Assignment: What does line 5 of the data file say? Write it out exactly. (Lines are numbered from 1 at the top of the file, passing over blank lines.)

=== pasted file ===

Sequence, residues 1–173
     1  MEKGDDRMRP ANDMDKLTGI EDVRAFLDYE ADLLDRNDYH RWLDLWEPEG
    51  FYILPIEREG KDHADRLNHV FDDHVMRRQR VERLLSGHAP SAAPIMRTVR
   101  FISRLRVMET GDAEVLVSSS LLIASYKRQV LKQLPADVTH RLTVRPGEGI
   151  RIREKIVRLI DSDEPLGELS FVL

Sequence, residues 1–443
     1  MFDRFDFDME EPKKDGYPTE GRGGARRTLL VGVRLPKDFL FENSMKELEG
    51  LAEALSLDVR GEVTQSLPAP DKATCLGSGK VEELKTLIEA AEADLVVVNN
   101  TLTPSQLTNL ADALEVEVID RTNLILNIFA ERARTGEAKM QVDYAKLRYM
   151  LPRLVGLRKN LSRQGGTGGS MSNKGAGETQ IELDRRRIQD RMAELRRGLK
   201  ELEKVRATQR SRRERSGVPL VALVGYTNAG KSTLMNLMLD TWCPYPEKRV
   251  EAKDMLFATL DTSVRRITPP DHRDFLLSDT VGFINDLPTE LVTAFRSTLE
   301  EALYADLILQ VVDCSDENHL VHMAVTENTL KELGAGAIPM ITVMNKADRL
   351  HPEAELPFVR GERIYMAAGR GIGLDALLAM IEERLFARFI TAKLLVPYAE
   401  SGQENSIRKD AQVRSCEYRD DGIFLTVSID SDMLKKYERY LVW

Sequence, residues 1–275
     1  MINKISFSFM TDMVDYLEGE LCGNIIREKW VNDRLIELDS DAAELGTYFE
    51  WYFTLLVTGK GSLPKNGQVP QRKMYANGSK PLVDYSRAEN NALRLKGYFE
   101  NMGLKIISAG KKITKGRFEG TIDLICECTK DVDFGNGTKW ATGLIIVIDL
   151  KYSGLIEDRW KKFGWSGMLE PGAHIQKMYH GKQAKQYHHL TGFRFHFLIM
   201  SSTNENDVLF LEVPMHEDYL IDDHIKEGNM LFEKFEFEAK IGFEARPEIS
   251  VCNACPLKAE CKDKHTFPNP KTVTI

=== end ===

   151  RIREKIVRLI DSDEPLGELS FVL